Black female characters in Beloved novel are more over scared physically, emotionally by the cruel environment they are living in. they are racially violated and often emotionally humiliated for many years and this woman somehow learn to understand the situation they are in that time. We learn that more of the Beloved females turn to violence sometimes verbal and physical in a way to avoid victimization and in doing so they create the solution towards violence. This females somehow choose to be violated in order to escape in a form of resistance. Both two characters were oppressed during those times and patriarchal took a stand on all society, again woman were subjected by the race as it was only lacks who took a form of being the slaves.
Not only did this hurt Jason, but it also hurt the Corinthian king,his daughter and many more. Medea felt justified in her homicidal acts because she had given up so much to be with Jason. Medea’s nurse explained how the main character abandoned her life for a man she believed she loved, “Sometimes she turns to look away, to call out for her father, her country and home: all abandoned and betrayed for a man who now abandons her, betrays her honor and her love. She has learned the hard way what it is to be an exile to had given up everything” ( lines 29-36.)
She feels ashamed and blames herself for not being a good enough wife for Tom, just as Melinda feels guilty as though the rape was her fault, even if it really wasn’t. It is later revealed that in reality, it was actually Tom who had done all those atrocious things. He would lie to Rachel, blaming her for all the things he had done, just to make her feel guilty, weak, and worthless. Just how Andy had made Melinda feel after he raped her. With this connection, I can better understand Melinda’s character through Rachel’s in The Girl on the Train, which I read and enjoyed before I read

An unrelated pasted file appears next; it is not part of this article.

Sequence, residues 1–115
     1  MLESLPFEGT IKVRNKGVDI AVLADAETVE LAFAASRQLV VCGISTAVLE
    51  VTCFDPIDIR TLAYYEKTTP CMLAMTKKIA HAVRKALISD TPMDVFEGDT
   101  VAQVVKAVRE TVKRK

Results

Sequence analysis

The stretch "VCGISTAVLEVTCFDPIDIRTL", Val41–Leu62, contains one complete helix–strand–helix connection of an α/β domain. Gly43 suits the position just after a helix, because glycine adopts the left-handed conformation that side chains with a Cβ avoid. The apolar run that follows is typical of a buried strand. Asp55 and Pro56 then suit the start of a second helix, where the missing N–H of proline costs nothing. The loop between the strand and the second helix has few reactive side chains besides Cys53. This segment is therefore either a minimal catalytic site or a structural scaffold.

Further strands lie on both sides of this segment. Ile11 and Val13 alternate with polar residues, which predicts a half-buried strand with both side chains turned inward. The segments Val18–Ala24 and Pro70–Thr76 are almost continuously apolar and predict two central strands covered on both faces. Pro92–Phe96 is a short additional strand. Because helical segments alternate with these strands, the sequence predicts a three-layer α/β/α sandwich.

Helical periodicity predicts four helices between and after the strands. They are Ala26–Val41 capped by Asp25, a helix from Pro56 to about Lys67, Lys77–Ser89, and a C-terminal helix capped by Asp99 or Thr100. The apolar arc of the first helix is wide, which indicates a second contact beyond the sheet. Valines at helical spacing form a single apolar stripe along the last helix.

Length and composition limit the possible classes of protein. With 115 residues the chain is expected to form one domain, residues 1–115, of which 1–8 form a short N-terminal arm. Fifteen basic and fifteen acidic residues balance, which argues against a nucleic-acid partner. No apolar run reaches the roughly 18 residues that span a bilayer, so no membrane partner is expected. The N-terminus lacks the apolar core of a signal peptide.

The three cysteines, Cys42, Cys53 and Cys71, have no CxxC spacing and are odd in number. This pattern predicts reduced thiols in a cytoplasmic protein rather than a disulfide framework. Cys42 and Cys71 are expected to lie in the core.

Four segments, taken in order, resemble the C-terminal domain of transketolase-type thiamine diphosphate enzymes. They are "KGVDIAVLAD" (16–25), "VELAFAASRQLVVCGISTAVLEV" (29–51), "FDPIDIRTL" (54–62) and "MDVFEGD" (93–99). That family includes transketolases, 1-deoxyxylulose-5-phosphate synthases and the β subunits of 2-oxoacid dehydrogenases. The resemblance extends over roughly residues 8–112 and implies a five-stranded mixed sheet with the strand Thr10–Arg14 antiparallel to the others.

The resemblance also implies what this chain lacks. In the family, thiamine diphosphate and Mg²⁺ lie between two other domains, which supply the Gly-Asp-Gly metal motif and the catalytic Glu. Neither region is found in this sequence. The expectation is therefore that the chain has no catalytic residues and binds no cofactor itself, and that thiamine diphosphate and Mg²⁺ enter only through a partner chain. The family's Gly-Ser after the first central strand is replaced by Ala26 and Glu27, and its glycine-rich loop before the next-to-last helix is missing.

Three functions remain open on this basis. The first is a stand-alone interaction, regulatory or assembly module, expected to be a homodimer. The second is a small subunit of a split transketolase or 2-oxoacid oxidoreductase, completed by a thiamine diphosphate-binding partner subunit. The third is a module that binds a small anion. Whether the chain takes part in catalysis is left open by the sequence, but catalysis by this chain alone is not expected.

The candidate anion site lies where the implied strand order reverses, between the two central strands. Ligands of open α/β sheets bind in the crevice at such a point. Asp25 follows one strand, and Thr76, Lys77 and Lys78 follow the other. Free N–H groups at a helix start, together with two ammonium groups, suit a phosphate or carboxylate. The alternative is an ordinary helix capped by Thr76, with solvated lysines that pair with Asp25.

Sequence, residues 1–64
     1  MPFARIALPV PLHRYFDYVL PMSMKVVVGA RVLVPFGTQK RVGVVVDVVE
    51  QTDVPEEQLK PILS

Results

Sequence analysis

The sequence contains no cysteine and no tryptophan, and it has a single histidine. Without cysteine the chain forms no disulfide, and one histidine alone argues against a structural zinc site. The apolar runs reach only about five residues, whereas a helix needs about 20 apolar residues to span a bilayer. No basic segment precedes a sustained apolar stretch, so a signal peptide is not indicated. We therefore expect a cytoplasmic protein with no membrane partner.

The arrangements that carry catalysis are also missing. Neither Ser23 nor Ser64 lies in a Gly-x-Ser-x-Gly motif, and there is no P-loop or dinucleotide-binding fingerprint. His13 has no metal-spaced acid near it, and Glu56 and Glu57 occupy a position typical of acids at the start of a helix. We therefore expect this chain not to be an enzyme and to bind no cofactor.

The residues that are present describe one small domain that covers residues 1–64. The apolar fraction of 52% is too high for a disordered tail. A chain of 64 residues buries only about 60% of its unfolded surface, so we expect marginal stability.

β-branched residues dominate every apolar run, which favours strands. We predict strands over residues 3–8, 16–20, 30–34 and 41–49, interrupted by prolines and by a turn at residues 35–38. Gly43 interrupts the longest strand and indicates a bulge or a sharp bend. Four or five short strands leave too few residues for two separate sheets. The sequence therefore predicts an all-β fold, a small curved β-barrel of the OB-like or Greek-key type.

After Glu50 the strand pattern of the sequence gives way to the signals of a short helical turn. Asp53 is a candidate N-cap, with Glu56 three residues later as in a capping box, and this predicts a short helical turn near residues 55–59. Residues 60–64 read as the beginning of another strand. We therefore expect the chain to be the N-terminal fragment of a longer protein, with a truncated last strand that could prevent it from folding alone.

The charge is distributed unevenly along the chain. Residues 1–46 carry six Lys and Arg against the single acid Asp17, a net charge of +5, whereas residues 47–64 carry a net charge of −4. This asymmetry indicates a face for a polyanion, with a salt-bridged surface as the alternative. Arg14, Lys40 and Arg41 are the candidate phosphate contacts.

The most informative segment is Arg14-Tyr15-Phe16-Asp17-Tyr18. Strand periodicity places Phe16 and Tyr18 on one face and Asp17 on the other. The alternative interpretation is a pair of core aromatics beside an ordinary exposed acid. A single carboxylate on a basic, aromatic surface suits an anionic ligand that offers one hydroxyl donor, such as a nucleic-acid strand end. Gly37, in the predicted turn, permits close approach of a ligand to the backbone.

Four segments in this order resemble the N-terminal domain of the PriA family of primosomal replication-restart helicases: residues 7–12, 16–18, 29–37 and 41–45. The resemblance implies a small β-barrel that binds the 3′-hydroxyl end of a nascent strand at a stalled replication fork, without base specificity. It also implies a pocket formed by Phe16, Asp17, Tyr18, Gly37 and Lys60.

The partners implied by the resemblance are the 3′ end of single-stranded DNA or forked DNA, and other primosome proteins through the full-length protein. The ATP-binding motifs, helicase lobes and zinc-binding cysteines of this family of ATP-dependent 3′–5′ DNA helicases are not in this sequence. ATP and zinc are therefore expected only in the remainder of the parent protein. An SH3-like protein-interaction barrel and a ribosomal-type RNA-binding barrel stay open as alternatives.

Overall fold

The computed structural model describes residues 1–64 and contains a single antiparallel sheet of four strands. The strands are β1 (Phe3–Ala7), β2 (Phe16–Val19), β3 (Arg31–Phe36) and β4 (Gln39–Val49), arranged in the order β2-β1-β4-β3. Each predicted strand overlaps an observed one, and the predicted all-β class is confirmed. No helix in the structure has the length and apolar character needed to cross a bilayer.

A lot of the events she had gone through made way for “something deep and bitter” to settle in her heart (77), as well as the need to make everyone “cower at [her] feet and...make them bleed,” (76) are used as her own personal momentum towards her search for justice and gratification. Additionally, Adelina’s unusually high dependence on others had herself hit her ultimate low, causing her to internally “[spiral] downward, falling to a place where [she] can no longer pull [herself ]back up,” when discovering that the ones she loved didn’t reciprocate the same feelings. With that being said, Adelina’s search for justice could be represented as a search of finding oneself, albeit a long and dangerous
The mental abuse that women receive is just terrible to know that you might die at any time. Being used for only sex is what the victim feels like the only thing she is useful for. In her mind all the person can do is thinking to themselves that life is horrible and not worth living and start to slip into a state of depression. While in that state of depression the women feel like there is no one to help them, and there are right.
Fern or herself. She is painted as a very restless and willful woman who is appalled by the laws that were set for her by men. Her confusion is seen in the beginning of the article when she reads about Emma Wilson, a member of her town being arrested for wearing men’s clothing, “Now, why this should be an actionable offense is past my finding out, or where’s the harm in it, I am as much at a loss to see” (Parton 1750). The reader is able to see how uncomfortable she is with the fact that this happened to Wilson and that she does not stand for the oppression of herself or the women around her. It is seen very early on that Mrs. Fern is a very non-conservative member of her community and that she yearns to make a change.